June 20, 1980: Roberto Duran vs. Sugar Ray Leonard
"The Brawl in Montreal" was one of the few fights that transcended boxing. It was a welterweight version of Ali vs. Frazier. The matchup between Leonard, the welterweight champ and Olympic hero, and Duran, the hard-hitting lightweight king, captured the imagination of even the most casual sports fan. Leonard played the role of the smooth boxer while Duran carried the reputation as a devastating puncher. They clashed before 46,317 fans at Montreal's Olympic Stadium. Duran took control of the action early and drew Leonard into a slugfest. The fighters often battled toe-to-toe, which clearly benefited the Panamanian challenger. When it ended after 15 rounds, Duran won the title with a close unanimous decision, 146-144, 145-144 and 148-147. Leonard wouldn't make the same mistake again. When they met in a rematch later that year, Leonard's slick boxing ability and a comfortable 24-foot ring frustrated Duran into submission. The proud champion uttered the words "No Mas" in round eight.
The Emile Griffith vs. Benny Paret trilogy
The trilogy between Emile Griffith and Benny Paret was fierce and there was real animus between the two fighters, and unfortunately, it ended in tragedy. In their first meeting on April 1, 1961, Griffith captured the welterweight title with a 13th-round knockout. They met again six months later, and this time Paret took back his belt with a narrow split decision.
Paret, from Cuba, failed in a bid to capture the middleweight crown before returning to the 147-pound ranks to meet Griffith for a third time on March 24, 1962 at Madison Square Garden. At the weigh-in, Paret made derisive remarks about Griffith and questioned the New Yorker's manhood. Once the bell rang, the two mixed it up immediately. Paret nearly ended the fight in round six, when Griffith was saved by the bell after absorbing a multi-punch combination. Nothing could save Paret from what was about to happen in the 12th round. Griffith backed Paret into a corner and had him in trouble after landing a series of hooks and uppercuts. Paret was hanging defenseless on the ropes as referee Ruby Goldstein hesitated, allowing Griffith to prolong the attack. Perhaps part of Goldstein's lack of action was because Paret often feigned injury, hoping to catch overanxious opponents on the way in. But this wasn't an act and by the time Goldstein intervened, Paret was slumping to the canvas. Paret never regained consciousness. He lapsed into a coma and died 10 days after the fight.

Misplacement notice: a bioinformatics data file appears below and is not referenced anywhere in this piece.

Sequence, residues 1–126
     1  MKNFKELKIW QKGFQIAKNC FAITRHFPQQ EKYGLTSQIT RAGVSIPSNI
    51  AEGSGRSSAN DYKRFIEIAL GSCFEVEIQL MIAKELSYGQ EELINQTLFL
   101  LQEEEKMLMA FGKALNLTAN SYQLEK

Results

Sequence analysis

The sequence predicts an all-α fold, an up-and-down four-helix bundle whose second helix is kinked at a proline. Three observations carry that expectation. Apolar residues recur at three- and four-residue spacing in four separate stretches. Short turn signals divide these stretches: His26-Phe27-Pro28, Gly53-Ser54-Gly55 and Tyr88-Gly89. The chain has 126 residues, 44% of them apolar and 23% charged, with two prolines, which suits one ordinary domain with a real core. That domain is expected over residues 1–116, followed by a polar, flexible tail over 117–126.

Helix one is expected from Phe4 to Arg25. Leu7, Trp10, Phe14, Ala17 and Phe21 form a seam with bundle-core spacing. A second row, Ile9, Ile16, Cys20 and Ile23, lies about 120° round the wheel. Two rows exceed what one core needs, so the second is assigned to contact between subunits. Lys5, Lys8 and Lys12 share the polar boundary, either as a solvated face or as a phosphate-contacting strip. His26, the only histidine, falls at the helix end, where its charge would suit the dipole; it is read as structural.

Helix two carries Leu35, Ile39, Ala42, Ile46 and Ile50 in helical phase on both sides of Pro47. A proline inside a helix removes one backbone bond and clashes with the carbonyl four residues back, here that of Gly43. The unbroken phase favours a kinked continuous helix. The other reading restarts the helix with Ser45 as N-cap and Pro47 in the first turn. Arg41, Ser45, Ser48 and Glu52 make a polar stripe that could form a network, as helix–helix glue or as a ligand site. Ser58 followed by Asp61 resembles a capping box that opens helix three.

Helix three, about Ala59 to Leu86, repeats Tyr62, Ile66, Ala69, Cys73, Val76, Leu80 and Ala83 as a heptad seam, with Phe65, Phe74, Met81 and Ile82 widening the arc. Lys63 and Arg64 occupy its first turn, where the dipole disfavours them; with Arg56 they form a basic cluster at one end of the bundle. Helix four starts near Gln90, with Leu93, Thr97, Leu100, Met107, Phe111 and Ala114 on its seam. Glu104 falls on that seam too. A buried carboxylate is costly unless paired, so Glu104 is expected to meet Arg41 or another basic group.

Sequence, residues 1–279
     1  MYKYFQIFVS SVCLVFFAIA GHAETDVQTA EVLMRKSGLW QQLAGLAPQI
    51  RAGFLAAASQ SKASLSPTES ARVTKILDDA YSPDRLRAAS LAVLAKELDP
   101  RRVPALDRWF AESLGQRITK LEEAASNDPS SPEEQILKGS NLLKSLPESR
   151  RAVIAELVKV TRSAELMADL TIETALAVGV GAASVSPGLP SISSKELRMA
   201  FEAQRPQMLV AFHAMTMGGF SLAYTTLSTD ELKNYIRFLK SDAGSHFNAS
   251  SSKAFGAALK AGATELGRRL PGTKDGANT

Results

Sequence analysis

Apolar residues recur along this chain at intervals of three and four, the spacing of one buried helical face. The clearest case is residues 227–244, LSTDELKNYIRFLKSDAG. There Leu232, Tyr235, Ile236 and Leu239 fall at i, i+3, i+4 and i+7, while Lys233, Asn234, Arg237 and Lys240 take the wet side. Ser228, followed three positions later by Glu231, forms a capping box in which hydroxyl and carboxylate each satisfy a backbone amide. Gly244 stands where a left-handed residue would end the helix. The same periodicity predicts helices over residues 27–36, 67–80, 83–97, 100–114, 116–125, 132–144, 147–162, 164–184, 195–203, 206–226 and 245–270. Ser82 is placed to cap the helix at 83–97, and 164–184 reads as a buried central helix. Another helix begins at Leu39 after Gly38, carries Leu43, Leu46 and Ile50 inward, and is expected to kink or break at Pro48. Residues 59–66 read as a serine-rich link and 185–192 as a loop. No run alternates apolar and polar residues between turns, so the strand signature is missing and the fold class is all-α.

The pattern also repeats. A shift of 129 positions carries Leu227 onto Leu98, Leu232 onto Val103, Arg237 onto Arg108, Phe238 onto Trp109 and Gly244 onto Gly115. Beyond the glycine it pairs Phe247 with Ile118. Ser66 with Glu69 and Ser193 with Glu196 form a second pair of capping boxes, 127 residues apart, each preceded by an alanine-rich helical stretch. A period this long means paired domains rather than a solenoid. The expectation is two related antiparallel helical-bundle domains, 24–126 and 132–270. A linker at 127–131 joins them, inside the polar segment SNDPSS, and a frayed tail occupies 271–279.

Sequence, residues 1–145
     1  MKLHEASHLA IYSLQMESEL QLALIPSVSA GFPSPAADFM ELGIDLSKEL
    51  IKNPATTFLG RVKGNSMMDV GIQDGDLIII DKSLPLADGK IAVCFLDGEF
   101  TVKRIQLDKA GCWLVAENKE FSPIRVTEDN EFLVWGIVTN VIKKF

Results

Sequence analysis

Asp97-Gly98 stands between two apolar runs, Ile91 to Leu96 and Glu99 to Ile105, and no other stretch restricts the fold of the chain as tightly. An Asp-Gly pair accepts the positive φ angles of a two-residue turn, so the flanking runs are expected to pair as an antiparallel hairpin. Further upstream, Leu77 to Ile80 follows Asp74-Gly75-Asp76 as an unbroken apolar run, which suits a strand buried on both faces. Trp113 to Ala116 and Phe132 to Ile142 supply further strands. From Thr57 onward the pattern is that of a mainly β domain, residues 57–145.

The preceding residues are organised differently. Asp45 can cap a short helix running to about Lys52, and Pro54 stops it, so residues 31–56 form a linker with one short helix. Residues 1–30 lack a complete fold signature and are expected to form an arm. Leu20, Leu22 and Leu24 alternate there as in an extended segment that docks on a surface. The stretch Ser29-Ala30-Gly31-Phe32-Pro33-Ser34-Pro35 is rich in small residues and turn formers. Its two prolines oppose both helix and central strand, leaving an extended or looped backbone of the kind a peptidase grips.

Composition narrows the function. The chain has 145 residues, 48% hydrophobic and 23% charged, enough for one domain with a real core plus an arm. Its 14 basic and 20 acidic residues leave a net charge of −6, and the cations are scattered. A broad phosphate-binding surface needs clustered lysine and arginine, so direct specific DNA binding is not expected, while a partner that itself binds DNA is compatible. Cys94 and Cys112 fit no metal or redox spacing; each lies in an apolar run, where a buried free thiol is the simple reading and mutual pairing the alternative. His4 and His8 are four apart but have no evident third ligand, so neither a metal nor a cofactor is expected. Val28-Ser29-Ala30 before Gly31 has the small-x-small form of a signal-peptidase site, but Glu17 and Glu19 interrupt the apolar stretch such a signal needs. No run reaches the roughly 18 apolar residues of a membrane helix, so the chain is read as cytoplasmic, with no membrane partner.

July 11, 1948: Sugar Ray Robinson vs. Kid Gavilan
This showdown between future Hall of Famers took place at Philadelphia's Municipal Stadium. Robinson, right, asserted his dominance in the second half of the bout as Gavilan painfully realized his tenure as champion would have to wait until Robinson left for the middleweight division. Gavilan fought well early and managed to stagger Robinson in round eight. The championship rounds, though, belonged to Sugar Ray, who captured a unanimous decision after 15 rounds.
The Barney Ross vs. Jimmy McLarnin trilogy
One of the most celebrated boxing trilogies took place between Hall of Famers Barney Ross (pictured) and Jimmy McLarnin. They battled three times for a total of 45 rounds within one year. Each contest was close. The first two were decided via split decision and the third by a disputed verdict. Their first meeting took place on May 28, 1934 at the Madison Square Garden Bowl in Long Island City. McLarnin entered as the welterweight champ and Ross as the reigning lightweight and junior welterweight champ. Each fighter knocked the other down in round nine, and Ross won his third title via split decision. The scores for Ross were 13-1-1 and 12-2-1. Meanwhile, the judge who voted for McLarnin had it 9-1-5. Four months later, at the same venue, it was McLarnin who regained the crown with a split decision. The final meeting took place at the Polo Grounds on May 28, 1935, exactly one year after their first meeting. As in their previous encounters, the battle was fast-paced and Ross was awarded the decision. The referee, former heavyweight champion Jack Dempsey, somehow managed to score seven of the 15 rounds even.